ReplyDelete
    Replies
    1. Ouch. If the YA group doesn't fill your need then maybe still look into the parish's moms group, if that wouldn't be too painful for you. While most of the women who attend our group have lots of littles there is another woman who comes and holds the babies. She has older kids, so it's a different situation, but the lack of young children doesn't mean she fits in less.

      I don't share that to tell you what to do, only to show that there still might be options, even if they aren't so obvious. Regardless, I will say a prayer for you!

      Delete
    2. Thank you, Bonnie! I really appreciate the prayer and your suggestions! - Trista

      Delete
    3. Trista, I'm in a similar situation. Most people our age are raising families and get to know people through mom's group or school or the homeschool group or whatever, and we have no living children (we've lost three to miscarriage) and don't seem to fit in anywhere. We actually don't feel like the young adult group is the right fit for us either, since most people there are single and just at a different place in life. Like you, we have a lot of parish friends who are 55+, and they have all been very welcoming. We also, in time, have gotten to know a few younger families by attending various social events at the parish. There's one couple we've become close with that lost a baby around the same time we lost our first and has suffered from secondary infertility since - they do have one living child, but they still understand a lot of what we're going through. And there are two or three other families, both at the parish and elsewhere, that are raising handfuls of kids, but because they know the beauty of family life they seem to understand our desire for children in a way that our single friends cannot. I don't really know where I'm going with this... but I guess my advice would be to show up for any social events your parish might have and try to sit near people closer to your age, even if they have lots of kids (I'm terrible at that last part... I tend to hide in the corner :)). And give it time. Prayers and solidarity!

      Delete
    4. Thank you for sharing that, Anna. Hugs and blessings.

      Delete
  3. This is a lovely reflection! One thing that I struggle with as a young mama trying to establish community is that it's really hard as a working mom to attend mom's groups, as every group I've found always meets in the mornings. I finally found a chapter of Well Read Mom (which is AMAZING, btw) in my area and have loved the monthly evening meetings with other Catholic mamas in my area. Other than that, I've decided to invest my energy in my existing relationships with close friends from college, most of whom have littles but unfortunately live 1-7 hours away from me, womp womp.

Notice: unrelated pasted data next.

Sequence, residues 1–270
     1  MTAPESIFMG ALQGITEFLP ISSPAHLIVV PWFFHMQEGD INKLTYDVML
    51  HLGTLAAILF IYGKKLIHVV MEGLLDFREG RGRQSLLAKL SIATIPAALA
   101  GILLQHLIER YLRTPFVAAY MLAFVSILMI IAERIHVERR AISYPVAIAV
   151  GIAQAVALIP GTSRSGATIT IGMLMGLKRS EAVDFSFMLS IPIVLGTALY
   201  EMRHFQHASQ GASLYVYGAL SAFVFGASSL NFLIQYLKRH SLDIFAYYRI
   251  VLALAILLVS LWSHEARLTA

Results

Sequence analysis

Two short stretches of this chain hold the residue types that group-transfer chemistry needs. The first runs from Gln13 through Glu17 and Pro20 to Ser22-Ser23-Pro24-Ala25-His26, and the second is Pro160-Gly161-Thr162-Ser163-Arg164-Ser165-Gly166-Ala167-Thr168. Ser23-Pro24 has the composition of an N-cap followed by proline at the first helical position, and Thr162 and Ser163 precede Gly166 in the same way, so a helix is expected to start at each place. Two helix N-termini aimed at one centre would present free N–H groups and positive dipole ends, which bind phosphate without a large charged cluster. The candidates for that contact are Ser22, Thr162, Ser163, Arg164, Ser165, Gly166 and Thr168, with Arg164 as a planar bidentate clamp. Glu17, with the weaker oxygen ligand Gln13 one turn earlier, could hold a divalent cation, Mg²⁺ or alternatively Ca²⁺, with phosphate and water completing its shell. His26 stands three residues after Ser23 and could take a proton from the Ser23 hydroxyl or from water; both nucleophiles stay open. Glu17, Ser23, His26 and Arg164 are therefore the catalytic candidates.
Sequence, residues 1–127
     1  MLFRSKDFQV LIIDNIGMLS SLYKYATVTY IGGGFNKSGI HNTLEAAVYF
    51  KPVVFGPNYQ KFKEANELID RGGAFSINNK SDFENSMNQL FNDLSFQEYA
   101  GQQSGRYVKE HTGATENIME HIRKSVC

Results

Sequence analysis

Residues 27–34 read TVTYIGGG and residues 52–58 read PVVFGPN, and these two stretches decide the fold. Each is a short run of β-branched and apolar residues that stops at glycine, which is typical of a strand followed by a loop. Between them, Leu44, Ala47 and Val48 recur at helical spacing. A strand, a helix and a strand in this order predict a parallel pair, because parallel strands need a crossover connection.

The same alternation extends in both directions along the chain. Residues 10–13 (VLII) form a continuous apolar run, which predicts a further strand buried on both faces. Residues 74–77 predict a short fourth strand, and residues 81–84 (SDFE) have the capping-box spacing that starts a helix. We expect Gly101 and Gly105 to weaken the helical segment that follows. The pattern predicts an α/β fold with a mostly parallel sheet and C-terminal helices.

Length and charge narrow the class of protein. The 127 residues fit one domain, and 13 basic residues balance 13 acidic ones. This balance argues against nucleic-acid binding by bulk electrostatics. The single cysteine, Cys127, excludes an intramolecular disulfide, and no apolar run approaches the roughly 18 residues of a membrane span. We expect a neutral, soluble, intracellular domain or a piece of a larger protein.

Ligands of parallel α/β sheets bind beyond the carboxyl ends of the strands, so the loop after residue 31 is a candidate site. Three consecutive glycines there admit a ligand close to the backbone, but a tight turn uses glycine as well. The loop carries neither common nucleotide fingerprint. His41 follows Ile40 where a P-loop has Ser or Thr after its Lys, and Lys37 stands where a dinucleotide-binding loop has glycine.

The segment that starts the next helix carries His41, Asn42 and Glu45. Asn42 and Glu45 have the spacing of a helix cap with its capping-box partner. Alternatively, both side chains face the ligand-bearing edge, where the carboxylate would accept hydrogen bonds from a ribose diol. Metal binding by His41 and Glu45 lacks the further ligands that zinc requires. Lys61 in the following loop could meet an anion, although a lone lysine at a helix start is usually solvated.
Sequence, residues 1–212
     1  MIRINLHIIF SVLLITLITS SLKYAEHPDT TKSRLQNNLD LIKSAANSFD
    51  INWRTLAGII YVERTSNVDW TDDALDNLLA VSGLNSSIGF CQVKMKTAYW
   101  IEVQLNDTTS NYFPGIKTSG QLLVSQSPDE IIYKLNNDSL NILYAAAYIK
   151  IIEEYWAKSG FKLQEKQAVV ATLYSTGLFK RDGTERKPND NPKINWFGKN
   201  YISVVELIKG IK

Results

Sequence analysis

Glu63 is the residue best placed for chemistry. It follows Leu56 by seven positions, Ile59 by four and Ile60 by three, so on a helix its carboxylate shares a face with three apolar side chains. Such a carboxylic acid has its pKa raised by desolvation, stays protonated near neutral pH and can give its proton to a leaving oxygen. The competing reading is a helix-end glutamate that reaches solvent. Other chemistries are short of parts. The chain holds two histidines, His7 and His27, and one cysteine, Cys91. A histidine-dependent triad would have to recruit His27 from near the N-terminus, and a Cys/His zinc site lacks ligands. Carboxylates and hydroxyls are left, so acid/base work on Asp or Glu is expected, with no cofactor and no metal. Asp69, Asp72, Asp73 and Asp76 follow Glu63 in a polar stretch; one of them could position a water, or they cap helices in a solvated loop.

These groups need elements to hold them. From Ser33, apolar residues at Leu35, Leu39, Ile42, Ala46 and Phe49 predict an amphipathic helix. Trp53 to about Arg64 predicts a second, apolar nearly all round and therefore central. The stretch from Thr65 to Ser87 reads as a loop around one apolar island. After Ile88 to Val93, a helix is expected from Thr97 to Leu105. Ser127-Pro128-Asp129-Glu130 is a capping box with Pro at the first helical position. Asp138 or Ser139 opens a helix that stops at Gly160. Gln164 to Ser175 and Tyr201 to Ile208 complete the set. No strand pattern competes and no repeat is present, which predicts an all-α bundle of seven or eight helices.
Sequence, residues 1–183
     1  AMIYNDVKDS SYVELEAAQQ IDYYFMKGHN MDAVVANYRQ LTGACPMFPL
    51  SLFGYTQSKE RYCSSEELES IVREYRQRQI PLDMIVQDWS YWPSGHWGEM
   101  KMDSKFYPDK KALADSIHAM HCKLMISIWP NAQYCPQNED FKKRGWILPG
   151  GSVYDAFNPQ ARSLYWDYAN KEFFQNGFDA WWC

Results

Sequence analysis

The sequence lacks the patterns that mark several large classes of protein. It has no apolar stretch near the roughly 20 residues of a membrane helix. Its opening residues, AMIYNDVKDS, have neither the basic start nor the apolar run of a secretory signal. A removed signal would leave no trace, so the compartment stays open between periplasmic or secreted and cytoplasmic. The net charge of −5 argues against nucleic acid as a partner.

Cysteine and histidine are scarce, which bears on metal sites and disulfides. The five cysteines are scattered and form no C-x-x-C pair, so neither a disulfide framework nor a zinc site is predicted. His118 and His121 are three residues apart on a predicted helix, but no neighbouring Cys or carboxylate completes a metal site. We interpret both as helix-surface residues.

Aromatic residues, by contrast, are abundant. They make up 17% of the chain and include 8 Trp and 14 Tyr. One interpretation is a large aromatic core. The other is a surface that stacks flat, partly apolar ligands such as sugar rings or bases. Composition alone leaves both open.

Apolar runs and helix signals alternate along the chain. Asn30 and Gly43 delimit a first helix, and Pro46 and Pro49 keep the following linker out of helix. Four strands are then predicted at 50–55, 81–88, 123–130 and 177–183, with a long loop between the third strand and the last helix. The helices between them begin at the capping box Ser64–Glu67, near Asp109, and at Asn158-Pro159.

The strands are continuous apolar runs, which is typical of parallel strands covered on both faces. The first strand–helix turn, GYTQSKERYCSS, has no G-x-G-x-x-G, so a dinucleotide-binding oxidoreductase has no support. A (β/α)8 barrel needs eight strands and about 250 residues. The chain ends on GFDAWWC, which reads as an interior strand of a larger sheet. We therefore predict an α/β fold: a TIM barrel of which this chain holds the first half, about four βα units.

ReplyDelete
    Replies
    1. Yes! That is so super hard! I was in a similar spot at the beginning of my marriage. I am so glad you found the WRM group. In hope that it might give you a light at the end of the tunnel, it was only once my kids were in school that I really was able to get in more of a groove. I think it's so wise of you to invest in the people you already know and love.

      Delete
  4. I'm curious about your mom's weekly group. What do you do with the littles during your study time? I've started a rosary group with some parish ladies but it is so chaotic with the little ones. I'm having a hard time even facilitating meaningful prayer intentions when no one can finish a sentence. Do you hire sitters?

    ReplyDelete
    Replies
    1. We meet in people's homes so kids will go to the playroom. BUT there are always lots of kids about, wandering back and forth, crying, talking, keeping close to mom, etc. We do still have good conversations and prayer time but we also have lower expectations.

      I have been a part of groups that recruit empty nesters to babysit the kids.

      Delete
  5. This was so encouraging and helpful to read. Thanks Bonnie!

    ReplyDelete
  6. Great read, Bonnie! I've never thought about the small groups within a community this way. For me it was always a sign that something bad was happening.
    When I was younger I had a big problem with keeping relationships: it was ok for me to meet new people but afterwards I would always feel "they don't need me" and drop from a group. Now, I have learnt to approach each meeting as if it was the first and don't worry so much. I'm still looking for close friends but I'm more optimistic about it.

    ReplyDelete